—Interviews & Profiles. The University of Guelph profiles Wendy creator Walter Scott.
“A lot of the first Wendy comics were inspired by the punk scene,” says Scott, whose artistic influences include Kathy Acker, Dodie Bellamy, Matt Groening and Tanya Linklater.
They also drew on his experience of what he calls loss and yearning, as well as issues of identity that stemmed from the push and pull of hiding and exposing his aboriginal roots.
“I wanted to create a character enough like me but different enough — to talk about my experiences but not have to be me. That difference allowed me to open to other people,” he says.
Ben Navotny profiles Laurenn McCubbin.
How do fine art and comics compare as industries in which to work? How do the opportunities compare, and how do the chances of getting exploited compare?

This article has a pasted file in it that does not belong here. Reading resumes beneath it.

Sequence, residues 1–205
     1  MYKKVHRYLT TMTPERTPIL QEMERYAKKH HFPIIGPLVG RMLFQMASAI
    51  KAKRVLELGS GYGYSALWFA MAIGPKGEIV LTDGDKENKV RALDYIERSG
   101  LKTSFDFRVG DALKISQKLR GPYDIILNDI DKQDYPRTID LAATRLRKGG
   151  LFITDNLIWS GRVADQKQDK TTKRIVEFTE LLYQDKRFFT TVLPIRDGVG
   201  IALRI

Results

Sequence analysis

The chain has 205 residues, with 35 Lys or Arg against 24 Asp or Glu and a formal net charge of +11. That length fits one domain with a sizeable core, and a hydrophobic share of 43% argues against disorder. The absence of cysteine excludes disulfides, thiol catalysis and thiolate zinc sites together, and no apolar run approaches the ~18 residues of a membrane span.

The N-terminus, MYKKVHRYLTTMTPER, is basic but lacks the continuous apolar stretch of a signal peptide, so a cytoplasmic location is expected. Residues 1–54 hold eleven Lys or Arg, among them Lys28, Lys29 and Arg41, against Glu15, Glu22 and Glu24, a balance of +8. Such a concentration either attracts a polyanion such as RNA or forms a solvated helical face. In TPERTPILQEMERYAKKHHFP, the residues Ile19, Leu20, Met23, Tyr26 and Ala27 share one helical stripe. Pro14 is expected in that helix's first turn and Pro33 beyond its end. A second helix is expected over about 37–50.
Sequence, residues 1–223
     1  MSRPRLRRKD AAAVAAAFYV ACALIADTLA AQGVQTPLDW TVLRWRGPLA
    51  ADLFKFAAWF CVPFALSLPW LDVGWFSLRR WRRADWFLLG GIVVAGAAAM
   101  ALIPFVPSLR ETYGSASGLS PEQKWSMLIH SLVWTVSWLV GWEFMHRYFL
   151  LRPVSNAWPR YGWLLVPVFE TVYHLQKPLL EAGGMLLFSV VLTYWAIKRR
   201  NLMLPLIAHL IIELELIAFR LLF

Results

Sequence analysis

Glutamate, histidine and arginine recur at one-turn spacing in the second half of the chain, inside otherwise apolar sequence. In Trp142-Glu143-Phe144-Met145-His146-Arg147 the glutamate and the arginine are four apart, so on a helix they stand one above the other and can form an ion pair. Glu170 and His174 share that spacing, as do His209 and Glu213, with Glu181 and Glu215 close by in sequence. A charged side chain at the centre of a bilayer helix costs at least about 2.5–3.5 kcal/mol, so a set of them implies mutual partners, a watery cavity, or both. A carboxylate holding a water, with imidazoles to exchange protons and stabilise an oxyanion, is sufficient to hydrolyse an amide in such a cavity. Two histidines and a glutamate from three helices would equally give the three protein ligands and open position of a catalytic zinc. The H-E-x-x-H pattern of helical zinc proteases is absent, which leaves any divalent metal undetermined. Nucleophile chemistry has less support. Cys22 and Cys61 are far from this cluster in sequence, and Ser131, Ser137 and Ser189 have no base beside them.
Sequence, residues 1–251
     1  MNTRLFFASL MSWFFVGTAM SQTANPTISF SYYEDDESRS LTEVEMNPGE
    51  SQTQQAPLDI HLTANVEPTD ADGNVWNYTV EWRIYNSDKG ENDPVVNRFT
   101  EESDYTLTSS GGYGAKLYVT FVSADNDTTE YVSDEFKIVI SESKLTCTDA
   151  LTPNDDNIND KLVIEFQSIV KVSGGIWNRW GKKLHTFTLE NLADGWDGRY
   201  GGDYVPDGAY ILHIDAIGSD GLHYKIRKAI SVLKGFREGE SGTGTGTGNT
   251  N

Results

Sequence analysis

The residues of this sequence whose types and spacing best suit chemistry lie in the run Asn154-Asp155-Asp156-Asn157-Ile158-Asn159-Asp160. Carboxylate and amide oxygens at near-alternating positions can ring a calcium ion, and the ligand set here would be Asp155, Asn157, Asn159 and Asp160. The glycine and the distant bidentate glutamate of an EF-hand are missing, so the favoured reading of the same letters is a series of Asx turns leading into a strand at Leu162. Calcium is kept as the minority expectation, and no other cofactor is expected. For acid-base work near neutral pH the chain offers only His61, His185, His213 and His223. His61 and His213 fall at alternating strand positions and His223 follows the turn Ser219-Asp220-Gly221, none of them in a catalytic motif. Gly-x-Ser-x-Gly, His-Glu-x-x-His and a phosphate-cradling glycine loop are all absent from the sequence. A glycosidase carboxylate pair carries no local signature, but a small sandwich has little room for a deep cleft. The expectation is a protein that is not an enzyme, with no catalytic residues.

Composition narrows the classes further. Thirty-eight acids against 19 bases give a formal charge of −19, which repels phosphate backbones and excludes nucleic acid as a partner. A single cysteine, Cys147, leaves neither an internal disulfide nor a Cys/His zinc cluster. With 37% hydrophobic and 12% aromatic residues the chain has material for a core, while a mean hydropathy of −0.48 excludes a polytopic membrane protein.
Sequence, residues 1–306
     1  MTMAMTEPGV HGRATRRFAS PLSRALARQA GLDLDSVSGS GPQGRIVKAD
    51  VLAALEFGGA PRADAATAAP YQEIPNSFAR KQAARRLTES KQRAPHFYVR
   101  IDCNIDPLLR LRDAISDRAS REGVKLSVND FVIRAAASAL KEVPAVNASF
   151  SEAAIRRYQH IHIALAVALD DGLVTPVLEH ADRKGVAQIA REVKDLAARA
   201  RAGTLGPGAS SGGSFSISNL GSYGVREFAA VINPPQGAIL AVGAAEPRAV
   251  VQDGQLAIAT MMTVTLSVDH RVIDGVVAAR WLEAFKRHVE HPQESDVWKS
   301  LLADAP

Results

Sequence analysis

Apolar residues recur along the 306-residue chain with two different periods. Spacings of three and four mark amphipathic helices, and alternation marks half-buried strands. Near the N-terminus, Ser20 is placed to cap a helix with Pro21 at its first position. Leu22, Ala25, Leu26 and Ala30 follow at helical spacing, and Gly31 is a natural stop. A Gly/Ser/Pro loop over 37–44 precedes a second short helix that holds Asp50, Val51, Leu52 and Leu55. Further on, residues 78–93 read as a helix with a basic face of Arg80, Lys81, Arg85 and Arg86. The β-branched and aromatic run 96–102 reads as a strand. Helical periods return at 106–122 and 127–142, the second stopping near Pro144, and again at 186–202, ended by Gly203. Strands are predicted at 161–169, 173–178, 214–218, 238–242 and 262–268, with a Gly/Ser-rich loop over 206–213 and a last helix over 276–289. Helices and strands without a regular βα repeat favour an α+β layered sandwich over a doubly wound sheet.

There are a lot of similarities, in that they are both very white, and in both there is a stratification of worth. The people whose work is perceived to be worth more in comics and in fine art — there’s that five percent in either that people are going to pay attention to. It’s hard to get attention. It’s hard to do something new because, again, in both fields there are standards that we already think of that people need to reach before we will actually consider them artists. There are weird cliques in the working world of both. The indie kids of comics and the warehouse gallery kids are very similar. The superhero kids and the blue chip artists are very similar. And then the people who consume these arts, they like the things that maybe are not the great art. They’re not getting the good stuff because it’s not part of our common parlance. But, boy oh boy, do they love it when somebody draws photorealistically at a really large scale. That’s the thing in fine art that drives the fine art people crazy. “Why do you guys keep liking this stuff?” And in comics it’s, “Why do you guys keep liking Jim Lee?” No one makes money in either field. It’s hard to make money in comics; it’s hard to make money in fine art. Very few people do it. It is a very rarified group of people who actually can make a living at this. And the people who do work their asses off. Which is not to say that the people who don’t don’t also work their asses off!